I mean, I probably would have written (had I been inclined to write it at all!) “disallow forms of bod in the imperfect tense…”, but is the other form used really comparatively that opaque?
And as for “…in affirmative and declarative contexts, embedded clauses cannot contain the present tense of bod…”,
Surely that is an effective and concise way of saying it, if the words within it have been defined?
Apologies, that is my typo; the actual text is “…disallow imperfect tensed forms…” - and you are quite correct in your interpretation. As to the definition of the words in the last passage, I am afraid that there is no glossary in the book, which (the book, that is), according to its preface, “…will be welcomed by theoretical syntacticians, typologists, historical linguists and Celticists alike.” I assume that the terminology in the book is clear to that sort of people. I don’t even know what a typologist is, mind.
Oh, words can be defined either in the book or, so you say, outside it if that is expected of the target audience.
I bought a book once on Welsh syntax (by accident!) which was aimed at students of linguistics, and I can’t make head nor tail of it - but I wouldn’t expect to!
But context and re-reading, learning how the words are used can make stuff like that clearer, as you know!
It’s only the word “declarative” there which is a bit odd, surely?
And looking it up, in another book, on decent sites on the Internet, or (oh, old fashioned idea!) in a good dictionary, you find out it apparently means, in gramatical terms, a statement which makes a declaration- which gives information, the most common form of sentence- a simple statement which is not a question, an order or an exclamation. (Apparently maybe! )
I mean, sometimes you have to- sometimes you ought to - look words up in a dictionary. Sometimes you have to re-read and consider stuff. (Not saying people don’t, just saying sometimes we have to!)
In my opinion, of course, and I know it’s even the case that no-one else has said anything to the contrary!
is the “tensed” correct? Because if so, that’s a rather awkward / ugly phrase, assuming the author was a native English speaker. I know you can make a verb out of almost any noun (Shakespeare did, so it’s ok), I doubt if many of us go round using the verb “to tense” very often, although perhaps linguists (i.e. linguistics experts) do.
Because I am very interested in learning languages, I used to think I would be interested in and moderately good at linguistics. However, any attempts by me to study it have soon ended in failure and loss of the will to live. (Perhaps because the text books use phrases like “disallow imperfect tensed forms.”. It’s a genuine shame. This should be an interesting and captivating subject.
Yes Mike, “tensed” is there in the text, and yes, the authors (Robert Borsley, Maggie Tallerman and David Willis) are native English speakers, all theoretical linguists at various English universities. This book is most definitely a linguistic/scientific piece of work, and having become stuck in its morass of dense, turgid prose on numerous occasions, I can attest that the book’s authors make no concessions to its accessibility by the general public.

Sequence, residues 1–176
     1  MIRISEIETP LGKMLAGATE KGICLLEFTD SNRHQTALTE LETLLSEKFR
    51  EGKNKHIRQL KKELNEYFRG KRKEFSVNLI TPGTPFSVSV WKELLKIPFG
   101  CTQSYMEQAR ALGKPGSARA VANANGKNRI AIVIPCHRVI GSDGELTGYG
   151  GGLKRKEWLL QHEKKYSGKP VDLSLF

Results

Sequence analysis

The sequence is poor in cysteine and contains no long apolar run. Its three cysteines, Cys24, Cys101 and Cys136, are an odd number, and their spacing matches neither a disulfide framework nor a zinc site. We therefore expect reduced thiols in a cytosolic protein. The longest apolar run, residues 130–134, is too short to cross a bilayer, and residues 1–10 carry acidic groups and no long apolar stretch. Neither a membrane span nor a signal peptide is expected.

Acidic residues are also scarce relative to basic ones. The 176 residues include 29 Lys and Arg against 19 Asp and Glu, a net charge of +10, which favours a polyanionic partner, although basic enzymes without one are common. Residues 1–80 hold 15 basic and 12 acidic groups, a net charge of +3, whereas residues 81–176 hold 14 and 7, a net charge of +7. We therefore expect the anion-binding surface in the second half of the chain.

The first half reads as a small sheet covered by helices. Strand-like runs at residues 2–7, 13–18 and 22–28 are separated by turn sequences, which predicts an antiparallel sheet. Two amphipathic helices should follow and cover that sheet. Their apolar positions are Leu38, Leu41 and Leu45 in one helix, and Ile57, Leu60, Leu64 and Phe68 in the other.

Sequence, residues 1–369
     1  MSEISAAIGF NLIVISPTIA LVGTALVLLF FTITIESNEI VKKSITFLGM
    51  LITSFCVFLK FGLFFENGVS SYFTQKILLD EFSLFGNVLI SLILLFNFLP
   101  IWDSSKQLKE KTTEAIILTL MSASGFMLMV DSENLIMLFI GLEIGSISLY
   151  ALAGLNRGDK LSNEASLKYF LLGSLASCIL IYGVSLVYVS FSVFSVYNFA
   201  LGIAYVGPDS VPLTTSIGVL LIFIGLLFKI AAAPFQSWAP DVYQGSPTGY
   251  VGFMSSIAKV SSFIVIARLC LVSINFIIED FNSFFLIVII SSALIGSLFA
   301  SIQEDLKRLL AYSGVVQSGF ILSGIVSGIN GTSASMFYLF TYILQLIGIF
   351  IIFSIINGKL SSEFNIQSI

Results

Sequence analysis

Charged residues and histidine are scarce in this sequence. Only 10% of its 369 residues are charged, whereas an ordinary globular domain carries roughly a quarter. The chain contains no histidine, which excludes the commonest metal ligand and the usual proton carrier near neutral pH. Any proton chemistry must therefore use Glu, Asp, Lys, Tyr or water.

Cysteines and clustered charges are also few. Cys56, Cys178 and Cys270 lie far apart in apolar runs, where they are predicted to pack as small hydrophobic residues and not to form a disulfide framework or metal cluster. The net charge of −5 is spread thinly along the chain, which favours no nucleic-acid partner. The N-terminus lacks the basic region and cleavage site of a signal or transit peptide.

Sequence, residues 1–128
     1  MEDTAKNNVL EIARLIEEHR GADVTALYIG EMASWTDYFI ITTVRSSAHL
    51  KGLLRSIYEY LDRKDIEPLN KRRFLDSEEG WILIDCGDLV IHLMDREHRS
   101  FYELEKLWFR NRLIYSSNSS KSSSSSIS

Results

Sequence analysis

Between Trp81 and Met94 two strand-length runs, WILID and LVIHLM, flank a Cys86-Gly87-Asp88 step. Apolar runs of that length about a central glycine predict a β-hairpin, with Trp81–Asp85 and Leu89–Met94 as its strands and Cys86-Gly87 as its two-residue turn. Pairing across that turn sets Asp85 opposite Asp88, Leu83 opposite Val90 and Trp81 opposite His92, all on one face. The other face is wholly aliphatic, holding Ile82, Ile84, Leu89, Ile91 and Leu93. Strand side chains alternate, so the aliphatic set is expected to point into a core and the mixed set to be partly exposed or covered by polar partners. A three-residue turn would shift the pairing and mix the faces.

The book is most certainly not written to help anyone learn Welsh, but I myself find it interesting to read how Welsh is treated as a subject of linguistic investigation - call me crazy…
No you certainly aren’t crazy Louis, because, this subject ought to be fascinating. It’s a pity it can’t be made more accessible though.
And now I have to contradict myself (just for a change ) as I’ve realised that we (civilians) do use the verb “to tense”, e.g. when we say “I tensed up” (i.e. became tense, physically), although it’s obviously not the same as the linguistic usage.
No this is not sufficient evidence of your “craziness”, Louis. I’ve always had a lay interest in linguistics since my university days in the 60s when you couldn’t attend any cool parties without being to discuss Noam Chomsky (supposedly the daddy of it all) with an air of plausible knowledge. I’ve still got “Problems for Knowledge & Freedom” (?) but it’s a bit like Hawkins “Brief History of Time” which also spent a brief time on my coffee table.
Name dropping alert: I had the pleasure of meeting David Crystal in Reading when I was a joint supervisor of a project with our Speech Pathology department.
Current state of my lingistics knowledge - as always - Llareggub
I hope I didn’t imply that David Crystal was inaccessible. On the contrary, he was clear, helpful and charming. We visited him with a doctorate student in connection with her research into monotony as an early indicator of Parkinson’s disease. My input as a physicist was as the knob-twiddler and data processor of the gadget she was using to “diagnose” monotony - a laryngograph.
He seems to be a man of many parts, and among other things is active in the “Shakespeare in the original pronunciation” world; fascinating stuff and makes it come alive a bit more when e.g. you hear it rhyming as originally intended.